ShoesUp Magazine – France

Who are you and what’s your background?

I am a Los Angeles Photoshop artist who specializes in automotive retouching. I grew up in a working class suburb of New York City where I was always tinkering or building things whether it was a tree fort or my first car, a 1973 Volkswagen Beetle.

How did you get into bike restoration?

I had been riding bikes legally since the late 90’s but I think it started when I purchased my first BMW motorcycle 14 years ago.  I wanted to give it a non-stock paint job to make it unique and personal to me. After that, I considered buying a new Ducati when a local mechanic in San Francisco convinced me to rebuild a 1977 BMW R100S under his guidance to make it entirely ‘new’ again.  I figured in the long run, it would be cheaper and more unique then any other Ducati Monster on the road.  I have always had an appreciation for classic cars and motorcycles, so the decision was easy.

Is this becoming a trend? Where does it come from according to you?

I think it already is a trend.  After completing my first cafe bike in 2008, there were not that many cafe bikes on the road and finding cafe BMW parts was impossible.  Now, the bikes and parts resources are everywhere.  I think people recognize and appreciate a simple, classic and stylish design when they see it.  The internet and popularity of TV programs has catipulted that image even further. Now I am seeing lifestlye advertisements for companies like Levis with vintage motorcycles so once corporate advertising gets ahold of something, it is definitely trendy.

What is it exactly you’re striving for? Authenticity? Vintage performance? The good ol’ sensations?

All of the above!

Actually, I try to upgrade whatever I can without making the bike too modern looking.  But, if on the inside it can run the best it can with modern components, I will skip authenticity for reliability.  Aside from all the upgrades, it is still a 40 year old machine and sometimes your heart skips a beat as you push the corners too hard or expect modern braking.  It takes a certain kind of person to appreciate the sensation of an old machine.

The best part of the whole process?

Working in the garage is theraputic.  It is a total departure from my day job and I love using my eyes and hands for something tangible versus on a computer.  Ultimately, the best part is breathing life back into a machine that was considered dead.  I see way too many motorcycles out in the world that I want to ressurect into something new.  I am just lacking the time to do it.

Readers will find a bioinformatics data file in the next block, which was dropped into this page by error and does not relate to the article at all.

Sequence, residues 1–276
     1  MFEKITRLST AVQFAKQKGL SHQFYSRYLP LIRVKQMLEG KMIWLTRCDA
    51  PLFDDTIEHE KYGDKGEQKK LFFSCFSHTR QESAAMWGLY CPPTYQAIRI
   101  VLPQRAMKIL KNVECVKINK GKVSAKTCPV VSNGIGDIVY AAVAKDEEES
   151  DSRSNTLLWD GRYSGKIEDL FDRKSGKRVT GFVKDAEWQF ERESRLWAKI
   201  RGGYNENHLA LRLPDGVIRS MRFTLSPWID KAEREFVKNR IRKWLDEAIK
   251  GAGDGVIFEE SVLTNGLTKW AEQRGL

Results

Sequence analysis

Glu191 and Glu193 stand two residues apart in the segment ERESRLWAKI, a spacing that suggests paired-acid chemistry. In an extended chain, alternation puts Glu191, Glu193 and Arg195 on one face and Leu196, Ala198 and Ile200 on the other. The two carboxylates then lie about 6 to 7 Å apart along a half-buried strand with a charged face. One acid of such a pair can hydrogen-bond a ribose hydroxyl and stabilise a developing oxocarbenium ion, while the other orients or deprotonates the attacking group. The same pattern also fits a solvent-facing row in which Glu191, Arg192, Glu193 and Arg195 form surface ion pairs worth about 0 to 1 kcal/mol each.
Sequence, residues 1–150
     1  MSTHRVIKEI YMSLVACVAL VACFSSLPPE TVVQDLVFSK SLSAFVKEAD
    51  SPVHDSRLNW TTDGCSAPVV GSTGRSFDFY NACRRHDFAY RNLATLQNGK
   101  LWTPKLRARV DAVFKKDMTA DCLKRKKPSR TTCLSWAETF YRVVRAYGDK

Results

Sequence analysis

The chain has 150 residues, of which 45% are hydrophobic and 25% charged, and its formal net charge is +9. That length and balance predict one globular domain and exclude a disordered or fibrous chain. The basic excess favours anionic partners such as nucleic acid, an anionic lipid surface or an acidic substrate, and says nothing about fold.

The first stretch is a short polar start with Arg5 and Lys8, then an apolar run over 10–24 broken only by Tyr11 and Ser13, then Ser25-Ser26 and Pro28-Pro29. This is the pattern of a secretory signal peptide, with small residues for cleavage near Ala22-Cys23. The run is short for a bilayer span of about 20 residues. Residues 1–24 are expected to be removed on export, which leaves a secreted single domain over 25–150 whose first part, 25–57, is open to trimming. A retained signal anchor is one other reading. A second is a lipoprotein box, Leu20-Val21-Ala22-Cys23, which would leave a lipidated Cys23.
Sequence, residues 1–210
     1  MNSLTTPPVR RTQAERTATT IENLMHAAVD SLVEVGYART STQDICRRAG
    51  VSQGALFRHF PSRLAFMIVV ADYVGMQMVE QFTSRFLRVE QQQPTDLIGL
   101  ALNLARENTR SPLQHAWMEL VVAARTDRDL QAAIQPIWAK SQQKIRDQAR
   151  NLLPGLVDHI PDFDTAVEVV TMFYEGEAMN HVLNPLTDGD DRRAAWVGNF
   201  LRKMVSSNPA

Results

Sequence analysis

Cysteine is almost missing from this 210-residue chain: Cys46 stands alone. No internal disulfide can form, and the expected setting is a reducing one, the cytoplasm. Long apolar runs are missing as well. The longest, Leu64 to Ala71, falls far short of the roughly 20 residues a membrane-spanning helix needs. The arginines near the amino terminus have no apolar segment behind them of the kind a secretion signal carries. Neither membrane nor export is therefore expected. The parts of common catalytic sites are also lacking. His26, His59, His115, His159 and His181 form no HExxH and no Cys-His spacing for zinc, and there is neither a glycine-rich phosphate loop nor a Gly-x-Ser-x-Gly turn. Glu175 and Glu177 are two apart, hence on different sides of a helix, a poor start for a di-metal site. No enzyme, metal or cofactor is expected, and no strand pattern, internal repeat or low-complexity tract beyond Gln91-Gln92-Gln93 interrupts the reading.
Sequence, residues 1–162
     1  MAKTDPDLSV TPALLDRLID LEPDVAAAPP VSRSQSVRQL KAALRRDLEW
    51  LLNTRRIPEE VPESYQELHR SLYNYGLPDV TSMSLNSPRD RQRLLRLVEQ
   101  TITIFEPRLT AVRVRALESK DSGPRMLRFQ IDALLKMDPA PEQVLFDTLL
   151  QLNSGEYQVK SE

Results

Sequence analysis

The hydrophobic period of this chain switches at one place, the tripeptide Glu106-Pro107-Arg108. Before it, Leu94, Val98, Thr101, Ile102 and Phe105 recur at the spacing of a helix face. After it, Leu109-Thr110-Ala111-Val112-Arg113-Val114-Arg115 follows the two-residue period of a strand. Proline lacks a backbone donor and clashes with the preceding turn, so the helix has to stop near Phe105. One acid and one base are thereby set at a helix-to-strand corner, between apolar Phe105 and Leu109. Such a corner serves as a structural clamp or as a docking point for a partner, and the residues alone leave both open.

You executed a commission work for a guy you’d never met before. Can you tell us about it?

I figured ‘What the hell,’  I might as well give it a try.  I thought about all the ways it could backfire and go wrong by trying to please somebody, meet deadlines, make design decisions for somebody else, etc…  Luckily the person I built the bike for was compassionate, understanding and appreciative throughout the entire process.  And to top it off, we quickly became friends so it wasn’t just a bike build, it was a collaboration with a friend.  I just wish he lived closer so I could continue to ride, and tinker on his bike.  I truly miss both of those aspects.

Do you do custom jobs for people abroad, or overseas? If not, would you be open to it?

I am actually building another version of the silver bike for a customer on the other side of the world.  So yes, I am open to it.  I still have to figure out the logisitics of delivering his bike to him though!

What other adventures did motorcycles bring you?

Honda used to have an advertising slogan, ‘You meet the nicest people on a Honda.’  I have met some amazing people and satisfied my needs to tinker and build something I am passionate about.  Then of course there are the adventures of riding motorcycles. I did a small ride in Peru and a few years later, a 5 day ride in Ireland.  I think it is a wonderful way to experience a new place.  Arriving somewhere on a motorcycle is an instant conversation starter. And it separates you from the typical tourist.  Additionally, once you leave the congested freeways and road of Los Angeles, there are some amazing roads for testing out a motorcycle.  I am fortunate to live in a place in which the landscape and weather suit motorcycles wonderfully.

You’ve been receiving a lot of attention online and in magazines after your last two restorations. Have you been approached by any company?

Actually, I do have something in the works…  More on that at a later date.

Your dream collaboration?

Oh man…. This question has my head split into a million directions.  There are so many great bikes, bike builders, vintage car restoration shops and car designers that I would love to work with.  I still consider myself a student of this build process and would love to sit with the elder gentelmen who were actually building these bikes in the 60’s and 70’s.  Their knowledge needs to be passed on as well as the classic skills (such as brazing metal). However, a dream would be to sit down with BMW and design a truly retro motorcycle. Triumph did it with their Bonneville and Thruxtons but something about those bikes are slightly too modern for my taste.  Royal Enfield seems to have the classic styling figured out. A true modern classic BMW is achievable.

You never ride without…?

A helmet and cell phone.   After all, these are 40 year old motorcycles! haha.

What are you currently working on?

I have a few projects I am working on.  One is another cafe bike as mentioned earlier.  That bike is the priority due to a deadline.

And your upcoming projects?

I am planning a franken-airhead for myself with a classic foundation but modern suspension and braking.  I also have a street tracker in the works too.